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Center of a group

  1. Nov 5, 2006 #1
    "If N is a cyclic subgroup that is normal in G with index n and Aut(N) has no element of order n then N is central."

    Is this true?

    I think it is, but I don't know how to go about proving it... anyone have a hint that could get me started?
     
  2. jcsd
  3. Nov 5, 2006 #2

    mathwonk

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    well lets just follow our nose. if N is not in the center, then its elements do notcommute with everything. so conjugating N by other elements of G, altough it elaves N \inv ariant, does not always give the identity automorphism of N.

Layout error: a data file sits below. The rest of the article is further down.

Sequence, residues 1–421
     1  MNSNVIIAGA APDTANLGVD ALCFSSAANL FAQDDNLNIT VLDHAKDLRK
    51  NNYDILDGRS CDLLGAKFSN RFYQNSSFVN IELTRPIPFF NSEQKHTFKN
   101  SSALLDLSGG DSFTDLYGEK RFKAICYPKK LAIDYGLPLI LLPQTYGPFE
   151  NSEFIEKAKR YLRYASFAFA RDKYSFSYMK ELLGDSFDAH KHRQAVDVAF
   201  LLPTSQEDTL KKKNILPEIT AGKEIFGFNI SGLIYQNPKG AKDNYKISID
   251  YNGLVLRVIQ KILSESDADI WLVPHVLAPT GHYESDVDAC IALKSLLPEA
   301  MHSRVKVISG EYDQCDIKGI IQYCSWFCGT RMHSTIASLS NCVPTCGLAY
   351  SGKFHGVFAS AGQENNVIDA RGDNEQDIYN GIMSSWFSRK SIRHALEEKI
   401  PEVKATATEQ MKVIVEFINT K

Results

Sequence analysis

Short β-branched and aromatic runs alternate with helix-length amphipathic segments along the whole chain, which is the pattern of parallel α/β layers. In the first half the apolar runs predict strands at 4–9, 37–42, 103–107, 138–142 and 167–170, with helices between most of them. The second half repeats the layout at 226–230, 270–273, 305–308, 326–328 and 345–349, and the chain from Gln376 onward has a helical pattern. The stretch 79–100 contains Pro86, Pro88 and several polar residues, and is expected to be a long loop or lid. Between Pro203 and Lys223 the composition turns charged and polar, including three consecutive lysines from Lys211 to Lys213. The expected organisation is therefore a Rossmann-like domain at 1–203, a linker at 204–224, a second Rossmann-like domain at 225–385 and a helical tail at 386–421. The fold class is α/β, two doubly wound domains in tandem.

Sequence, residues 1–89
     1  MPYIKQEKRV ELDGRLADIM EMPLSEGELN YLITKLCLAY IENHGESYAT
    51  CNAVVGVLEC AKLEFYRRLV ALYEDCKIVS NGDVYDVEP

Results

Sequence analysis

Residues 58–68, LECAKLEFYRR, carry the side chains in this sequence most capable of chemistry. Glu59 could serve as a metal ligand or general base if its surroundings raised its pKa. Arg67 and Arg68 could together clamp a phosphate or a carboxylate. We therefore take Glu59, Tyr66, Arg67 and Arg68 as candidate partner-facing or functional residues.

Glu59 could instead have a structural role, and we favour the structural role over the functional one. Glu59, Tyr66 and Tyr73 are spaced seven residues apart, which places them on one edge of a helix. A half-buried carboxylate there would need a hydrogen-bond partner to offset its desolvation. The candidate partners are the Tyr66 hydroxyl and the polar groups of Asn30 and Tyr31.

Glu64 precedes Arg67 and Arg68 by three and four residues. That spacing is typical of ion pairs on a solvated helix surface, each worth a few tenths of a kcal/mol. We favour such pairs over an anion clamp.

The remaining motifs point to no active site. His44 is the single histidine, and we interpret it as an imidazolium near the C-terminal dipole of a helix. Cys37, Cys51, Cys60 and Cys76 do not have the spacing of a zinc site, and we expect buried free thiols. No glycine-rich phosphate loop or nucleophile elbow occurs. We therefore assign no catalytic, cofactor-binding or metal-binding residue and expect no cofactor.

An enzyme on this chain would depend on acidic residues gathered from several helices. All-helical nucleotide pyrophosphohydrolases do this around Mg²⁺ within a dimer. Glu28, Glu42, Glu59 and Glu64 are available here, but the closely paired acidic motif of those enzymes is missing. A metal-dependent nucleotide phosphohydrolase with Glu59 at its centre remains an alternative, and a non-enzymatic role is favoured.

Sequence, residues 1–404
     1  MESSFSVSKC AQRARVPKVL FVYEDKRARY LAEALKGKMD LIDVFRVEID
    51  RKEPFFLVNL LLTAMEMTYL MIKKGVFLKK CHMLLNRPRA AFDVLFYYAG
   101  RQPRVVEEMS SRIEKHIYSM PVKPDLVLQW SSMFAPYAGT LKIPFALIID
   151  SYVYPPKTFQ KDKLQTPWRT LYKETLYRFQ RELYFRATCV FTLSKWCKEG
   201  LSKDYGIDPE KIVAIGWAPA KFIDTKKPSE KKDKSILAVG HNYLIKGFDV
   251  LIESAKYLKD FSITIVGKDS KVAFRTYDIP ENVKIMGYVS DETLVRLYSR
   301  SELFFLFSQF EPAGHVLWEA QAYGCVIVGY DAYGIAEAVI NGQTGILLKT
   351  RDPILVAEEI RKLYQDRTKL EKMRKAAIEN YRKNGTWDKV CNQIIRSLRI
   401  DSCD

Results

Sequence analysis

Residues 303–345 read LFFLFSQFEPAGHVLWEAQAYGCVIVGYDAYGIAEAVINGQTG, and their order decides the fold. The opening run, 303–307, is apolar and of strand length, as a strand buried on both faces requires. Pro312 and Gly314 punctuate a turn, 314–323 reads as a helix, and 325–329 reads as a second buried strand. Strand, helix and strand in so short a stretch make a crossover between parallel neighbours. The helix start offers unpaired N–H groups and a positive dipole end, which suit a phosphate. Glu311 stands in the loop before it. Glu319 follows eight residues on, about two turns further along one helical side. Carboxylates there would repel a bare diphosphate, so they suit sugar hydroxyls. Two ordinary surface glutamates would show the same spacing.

hence N has some automorhisms given by these other elements.

    now what would the orders of such automorphisms be? surely since N is cyclic, elements of n itelf do act trivially on N by conjugation, so the conjugation action defines map from G to Aut(N) with N in the kernel.

    Thus the image of G/N in Aut(N) has image of roder dividing indexN = n.

    But it is not clear to me it must be cyclic, nor even of order n.

    but suppose n were say prime? then what?

    look for a counter example as a semidirect product of two cyclic groups.
     
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